Publicly, the Navy contends that the pipeline spills are minor and inconsequential, averaging less than 45 gallons a year. But two whistleblowers at the air base told Navy investigators that more than 30,000 gallons of fuel had leaked from the pipeline and from a truck in 1988 and 1989 alone. Initially, the Navy dismissed the allegations. But later admitted that there had in fact been two major spills.
While Navy officials claim that the jet fuel is not the cause of the Fallon cancers, they admit that there's been no independent monitoring of jet fuel inventories at the base, even though federal officials demanded an oversight system in 1989.
There have been persistent rumors that Navy contractors have been dumping fuel at the base in order to increase fuel purchases. Because of the lack of oversight, the Navy has almost no idea how much fuel it has on the base or where it goes. In 1990, the base commander, Captain Rex Rackowitz, admitted that he couldn't account for the whereabouts of more than 350,000 gallons of fuel.
Another source of jet fuel contamination of Fallon area water is the three old underground storage tanks. A report filed with Congress two years ago revealed that underground saltwater has seriously corroded the 45-year old tanks (each with a capacity of more than a half million gallons) and noted that the tanks lack any kind of overfill and leak protection.
“I lean toward the base as the cause,” says John Posey, a former aircraft mechanic at Fallon, whose daughter was diagnosed with leukemia in 1990. “Jet fuel dumping, radar and electronic emissions, jet fuel spills. All that is dangerous stuff.”
Despite the rising cancer rate and the deaths, the people of Fallon have gotten few answers from state and federal government. The parents of sick kids feel they are being stonewalled. “I think there's a potential cover up here,” said Richard Jernee, Adam's father. “I don't have faith in any of these people. How many kids have to die before we get to the truth?”
The jet fuel spills may well be one source of the cancers. But another study suggests that there may be a more ominous explanation. A 1994 survey of groundwater in the Fallon area by the US Geological Survey showed that 31 of 73 drinking water wells showed high concentrations of radioactive minerals. It was only revealed to the public last September by a former USGS staffer who thought it might have a bearing on the Fallon illnesses.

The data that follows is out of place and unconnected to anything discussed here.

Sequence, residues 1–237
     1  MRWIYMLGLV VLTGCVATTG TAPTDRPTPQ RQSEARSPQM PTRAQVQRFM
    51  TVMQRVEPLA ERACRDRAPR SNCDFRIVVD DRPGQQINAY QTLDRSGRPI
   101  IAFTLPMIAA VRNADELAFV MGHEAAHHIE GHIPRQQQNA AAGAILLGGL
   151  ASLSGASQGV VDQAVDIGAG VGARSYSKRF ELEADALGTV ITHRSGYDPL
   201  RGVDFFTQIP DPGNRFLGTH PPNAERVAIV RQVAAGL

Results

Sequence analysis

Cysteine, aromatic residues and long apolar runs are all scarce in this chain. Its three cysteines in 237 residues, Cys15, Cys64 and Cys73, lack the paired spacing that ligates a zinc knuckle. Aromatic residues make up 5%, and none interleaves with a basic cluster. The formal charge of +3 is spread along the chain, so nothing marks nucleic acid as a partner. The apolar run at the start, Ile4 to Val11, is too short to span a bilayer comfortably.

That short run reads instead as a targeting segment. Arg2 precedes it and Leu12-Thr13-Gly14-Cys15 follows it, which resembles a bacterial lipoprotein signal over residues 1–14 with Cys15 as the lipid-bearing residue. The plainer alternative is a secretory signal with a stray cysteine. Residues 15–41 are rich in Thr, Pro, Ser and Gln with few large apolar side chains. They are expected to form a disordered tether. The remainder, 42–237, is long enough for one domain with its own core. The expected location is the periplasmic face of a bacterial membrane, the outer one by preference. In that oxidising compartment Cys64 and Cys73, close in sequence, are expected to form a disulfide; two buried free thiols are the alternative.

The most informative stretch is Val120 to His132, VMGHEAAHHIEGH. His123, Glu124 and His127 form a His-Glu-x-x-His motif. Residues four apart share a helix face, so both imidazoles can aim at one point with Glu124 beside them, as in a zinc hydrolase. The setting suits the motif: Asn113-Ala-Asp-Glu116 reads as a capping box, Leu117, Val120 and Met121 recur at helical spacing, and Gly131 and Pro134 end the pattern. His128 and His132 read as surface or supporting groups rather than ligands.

The radiation may in part come from depleted uranium expended by bombs and missiles at the Fallon bombing ranges. Navy statistics show that more than 7 million pounds of ordinance is dropped on the Fallon bombing ranges, including the notoriously cratered B-20 site, every year.
Now the Navy wants to move some of its Vieques bombing training missions to Fallon. It recently renewed its 20-year lease on the B-20 bombing range and acquired another 50,000 acres of BLM lands for target practice. “The Cold War is over,” says Kalynda Tilges of the Reno-based Citizen Alert. “The Navy is ignoring the consequences of its pollution, and the nation continues to throw money into a big, black hole.”
Fallon isn't the only airbase with a leukemia cluster. Seven children have recently been diagnosed with childhood leukemia in Sierra Vista, Arizona, adjacent to the Davis-Monthan Air Force Base.
“When are these people going to do something real?” says Floyd Sands, whose daughter Stephanie died of leukemia last year. "I haven't seen them do anything real so far.”
So much for Bush's bluster about Iraq being an international demon-state for poisoning its own people.